Article

The fatal fungal outbreak on Vancouver Island is characterized by enhanced intracellular parasitism driven by mitochondrial regulation.

School of Biosciences, University of Birmingham, Edgbaston, Birmingham B15 2TT, United Kingdom.
Proceedings of the National Academy of Sciences (Impact Factor: 9.81). 08/2009; 106(31):12980-5. DOI: 10.1073/pnas.0902963106
Source: PubMed

ABSTRACT In 1999, the population of Vancouver Island, Canada, began to experience an outbreak of a fatal fungal disease caused by a highly virulent lineage of Cryptococcus gattii. This organism has recently spread to the Canadian mainland and Pacific Northwest, but the molecular cause of the outbreak remains unknown. Here we show that the Vancouver Island outbreak (VIO) isolates have dramatically increased their ability to replicate within macrophages of the mammalian immune system in comparison with other C. gattii strains. We further demonstrate that such enhanced intracellular parasitism is directly linked to virulence in a murine model of cryptococcosis, suggesting that this phenotype may be the cause of the outbreak. Finally, microarray studies on 24 C. gattii strains reveals that the hypervirulence of the VIO isolates is characterized by the up-regulation of a large group of genes, many of which are encoded by mitochondrial genome or associated with mitochondrial activities. This expression profile correlates with an unusual mitochondrial morphology exhibited by the VIO strains after phagocytosis. Our data thus demonstrate that the intracellular parasitism of macrophages is a key driver of a human disease outbreak, a finding that has significant implications for a wide range of other human pathogens.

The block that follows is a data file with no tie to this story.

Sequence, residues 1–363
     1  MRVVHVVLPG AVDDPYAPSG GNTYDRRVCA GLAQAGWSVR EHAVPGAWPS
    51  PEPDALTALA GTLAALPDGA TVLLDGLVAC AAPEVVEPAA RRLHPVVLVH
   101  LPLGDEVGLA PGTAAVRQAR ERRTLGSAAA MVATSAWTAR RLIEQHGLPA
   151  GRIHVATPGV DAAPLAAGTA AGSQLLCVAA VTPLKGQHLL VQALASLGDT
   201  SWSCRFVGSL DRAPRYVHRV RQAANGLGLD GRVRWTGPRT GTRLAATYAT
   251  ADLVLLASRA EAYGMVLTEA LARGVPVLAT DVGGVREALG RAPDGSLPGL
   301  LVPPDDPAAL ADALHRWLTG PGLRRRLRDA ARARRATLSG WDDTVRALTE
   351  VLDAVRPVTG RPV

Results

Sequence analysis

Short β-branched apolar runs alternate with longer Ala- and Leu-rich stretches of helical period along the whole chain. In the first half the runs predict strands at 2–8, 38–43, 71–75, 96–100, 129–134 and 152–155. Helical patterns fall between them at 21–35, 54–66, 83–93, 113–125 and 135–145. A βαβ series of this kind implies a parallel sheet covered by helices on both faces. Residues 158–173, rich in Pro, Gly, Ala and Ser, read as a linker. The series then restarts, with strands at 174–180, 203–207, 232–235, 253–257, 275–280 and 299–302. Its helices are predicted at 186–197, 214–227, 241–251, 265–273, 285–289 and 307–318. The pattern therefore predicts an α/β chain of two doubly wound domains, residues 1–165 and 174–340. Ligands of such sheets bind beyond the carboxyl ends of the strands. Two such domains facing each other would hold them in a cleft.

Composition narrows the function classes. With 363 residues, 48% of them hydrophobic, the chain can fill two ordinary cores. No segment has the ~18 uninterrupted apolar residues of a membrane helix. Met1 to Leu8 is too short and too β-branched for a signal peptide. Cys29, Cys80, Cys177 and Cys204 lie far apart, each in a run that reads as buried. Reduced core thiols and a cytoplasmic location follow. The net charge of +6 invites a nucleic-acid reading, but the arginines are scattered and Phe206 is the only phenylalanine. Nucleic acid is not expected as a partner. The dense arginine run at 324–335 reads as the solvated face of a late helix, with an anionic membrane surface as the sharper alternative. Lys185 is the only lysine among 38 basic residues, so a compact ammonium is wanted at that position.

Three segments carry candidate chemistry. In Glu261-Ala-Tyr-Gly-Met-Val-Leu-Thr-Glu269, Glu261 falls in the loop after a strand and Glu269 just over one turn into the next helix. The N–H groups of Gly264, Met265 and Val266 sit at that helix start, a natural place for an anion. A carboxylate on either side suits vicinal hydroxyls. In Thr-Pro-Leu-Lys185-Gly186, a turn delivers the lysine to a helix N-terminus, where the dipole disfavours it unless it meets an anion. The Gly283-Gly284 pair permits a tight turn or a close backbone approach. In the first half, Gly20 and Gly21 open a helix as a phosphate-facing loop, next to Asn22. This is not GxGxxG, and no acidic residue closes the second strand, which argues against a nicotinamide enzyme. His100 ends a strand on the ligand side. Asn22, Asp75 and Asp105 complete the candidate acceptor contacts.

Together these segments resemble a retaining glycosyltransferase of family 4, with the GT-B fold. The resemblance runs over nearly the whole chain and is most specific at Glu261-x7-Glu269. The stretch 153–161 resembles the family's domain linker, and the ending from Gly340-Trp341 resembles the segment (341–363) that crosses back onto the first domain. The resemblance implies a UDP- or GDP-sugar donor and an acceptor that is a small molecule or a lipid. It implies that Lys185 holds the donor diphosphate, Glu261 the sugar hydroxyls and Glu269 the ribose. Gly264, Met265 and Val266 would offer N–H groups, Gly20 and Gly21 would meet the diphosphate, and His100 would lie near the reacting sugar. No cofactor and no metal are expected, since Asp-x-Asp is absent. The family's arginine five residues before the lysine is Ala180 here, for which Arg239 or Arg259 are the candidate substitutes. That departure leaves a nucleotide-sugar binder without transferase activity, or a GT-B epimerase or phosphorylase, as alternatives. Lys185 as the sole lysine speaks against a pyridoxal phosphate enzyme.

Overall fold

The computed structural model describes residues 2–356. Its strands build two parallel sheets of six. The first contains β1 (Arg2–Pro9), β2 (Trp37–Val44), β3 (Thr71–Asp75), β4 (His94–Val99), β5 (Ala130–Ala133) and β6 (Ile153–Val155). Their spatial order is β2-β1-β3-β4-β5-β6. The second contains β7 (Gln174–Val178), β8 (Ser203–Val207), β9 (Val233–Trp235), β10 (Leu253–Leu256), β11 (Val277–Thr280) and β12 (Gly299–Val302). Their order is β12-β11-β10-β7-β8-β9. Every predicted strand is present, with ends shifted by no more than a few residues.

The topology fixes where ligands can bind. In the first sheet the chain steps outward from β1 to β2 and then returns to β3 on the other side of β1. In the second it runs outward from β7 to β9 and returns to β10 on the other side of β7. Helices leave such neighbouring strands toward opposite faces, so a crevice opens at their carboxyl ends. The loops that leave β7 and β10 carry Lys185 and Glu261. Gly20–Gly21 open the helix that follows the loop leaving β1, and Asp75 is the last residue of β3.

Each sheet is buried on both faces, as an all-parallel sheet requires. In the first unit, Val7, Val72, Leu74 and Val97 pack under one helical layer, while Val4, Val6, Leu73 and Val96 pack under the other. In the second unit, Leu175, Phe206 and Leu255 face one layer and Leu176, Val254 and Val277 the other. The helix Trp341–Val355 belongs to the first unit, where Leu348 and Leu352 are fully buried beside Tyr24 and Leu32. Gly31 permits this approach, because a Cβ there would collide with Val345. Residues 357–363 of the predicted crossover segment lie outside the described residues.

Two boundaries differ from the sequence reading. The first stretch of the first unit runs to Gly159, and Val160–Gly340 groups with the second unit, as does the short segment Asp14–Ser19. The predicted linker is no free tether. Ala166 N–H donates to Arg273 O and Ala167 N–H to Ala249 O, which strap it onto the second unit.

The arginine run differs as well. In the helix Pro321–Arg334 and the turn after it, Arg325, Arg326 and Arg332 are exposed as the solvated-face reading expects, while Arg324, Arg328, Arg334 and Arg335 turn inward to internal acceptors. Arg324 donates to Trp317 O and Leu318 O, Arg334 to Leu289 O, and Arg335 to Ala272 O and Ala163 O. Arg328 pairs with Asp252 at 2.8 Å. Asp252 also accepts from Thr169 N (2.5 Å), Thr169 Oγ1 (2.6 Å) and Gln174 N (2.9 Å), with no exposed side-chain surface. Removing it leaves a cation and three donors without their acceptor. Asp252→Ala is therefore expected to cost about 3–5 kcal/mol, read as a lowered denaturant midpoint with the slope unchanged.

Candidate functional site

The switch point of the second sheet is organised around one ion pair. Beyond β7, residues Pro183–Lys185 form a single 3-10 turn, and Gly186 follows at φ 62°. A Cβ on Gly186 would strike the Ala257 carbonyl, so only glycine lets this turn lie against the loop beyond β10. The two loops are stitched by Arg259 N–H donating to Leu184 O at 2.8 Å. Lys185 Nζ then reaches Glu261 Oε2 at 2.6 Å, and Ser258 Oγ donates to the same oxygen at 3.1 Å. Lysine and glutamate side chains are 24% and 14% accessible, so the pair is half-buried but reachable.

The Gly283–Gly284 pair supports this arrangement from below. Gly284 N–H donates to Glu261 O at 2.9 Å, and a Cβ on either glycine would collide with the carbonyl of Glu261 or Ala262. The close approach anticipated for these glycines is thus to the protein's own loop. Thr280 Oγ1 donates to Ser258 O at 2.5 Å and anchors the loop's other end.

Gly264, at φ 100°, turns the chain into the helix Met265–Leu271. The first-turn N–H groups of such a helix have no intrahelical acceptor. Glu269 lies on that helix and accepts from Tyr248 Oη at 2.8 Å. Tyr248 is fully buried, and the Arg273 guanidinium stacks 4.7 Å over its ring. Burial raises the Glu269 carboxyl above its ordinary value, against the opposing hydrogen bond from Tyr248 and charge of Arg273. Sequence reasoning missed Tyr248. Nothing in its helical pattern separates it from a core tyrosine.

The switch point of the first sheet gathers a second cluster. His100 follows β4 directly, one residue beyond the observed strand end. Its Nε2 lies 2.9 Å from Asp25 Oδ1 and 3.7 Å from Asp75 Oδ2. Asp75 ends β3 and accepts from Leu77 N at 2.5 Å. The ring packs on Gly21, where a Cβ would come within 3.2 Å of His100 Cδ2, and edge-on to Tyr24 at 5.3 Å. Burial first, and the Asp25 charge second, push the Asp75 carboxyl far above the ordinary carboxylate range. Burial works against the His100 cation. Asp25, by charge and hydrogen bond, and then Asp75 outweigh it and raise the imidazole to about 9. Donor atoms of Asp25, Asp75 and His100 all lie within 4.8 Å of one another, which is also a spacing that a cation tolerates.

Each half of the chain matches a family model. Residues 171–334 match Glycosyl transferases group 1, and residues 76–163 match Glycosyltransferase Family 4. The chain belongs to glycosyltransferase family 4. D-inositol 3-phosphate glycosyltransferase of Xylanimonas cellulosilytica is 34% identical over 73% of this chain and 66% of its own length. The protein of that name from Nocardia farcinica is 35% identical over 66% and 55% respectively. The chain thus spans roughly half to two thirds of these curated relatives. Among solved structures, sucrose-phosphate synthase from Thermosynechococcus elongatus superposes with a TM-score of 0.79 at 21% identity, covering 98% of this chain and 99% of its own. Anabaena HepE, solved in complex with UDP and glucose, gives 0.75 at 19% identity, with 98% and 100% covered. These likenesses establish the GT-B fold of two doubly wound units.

1 Bookmark
 · 
91 Views
  • Source
    [Show abstract] [Hide abstract]
    ABSTRACT: Candida species exhibit a variety of ploidies and modes of sexual reproduction. Most species possess the requisite genes for sexual reproduction, recombination, and meiosis, yet only a few have been reported to undergo a complete sexual cycle including mating and sporulation. Candida albicans, the most studied Candida species and a prevalent human fungal pathogen, completes its sexual cycle via a parasexual process of concerted chromosome loss rather than a conventional meiosis. In this study, we examine ploidy changes in Candida tropicalis, a closely related species to C. albicans that was recently revealed to undergo sexual mating. C. tropicalis diploid cells mate to form tetraploid cells, and we show that these can be induced to undergo chromosome loss to regenerate diploid forms by growth on sorbose medium. The diploid products are themselves mating-competent, thereby establishing a parasexual cycle in this species for the first time. Extended incubation (>120 generations) of C. tropicalis tetraploid cells in rich culture conditions also resulted in instability of the tetraploid form and a gradual reduction in ploidy back to the diploid state. The fitness of C. tropicalis diploid and tetraploid cells were compared and diploid cells exhibited increased fitness relative to tetraploid cells in vitro, despite diploid and tetraploid cells having similar doubling times. Collectively, these experiments demonstrate distinct pathways by which a parasexual cycle can occur in C. tropicalis, and indicate that non-meiotic mechanisms drive ploidy changes in this prevalent human pathogen.
    Eukaryotic Cell 10/2013; · 3.59 Impact Factor
  • Source
    [Show abstract] [Hide abstract]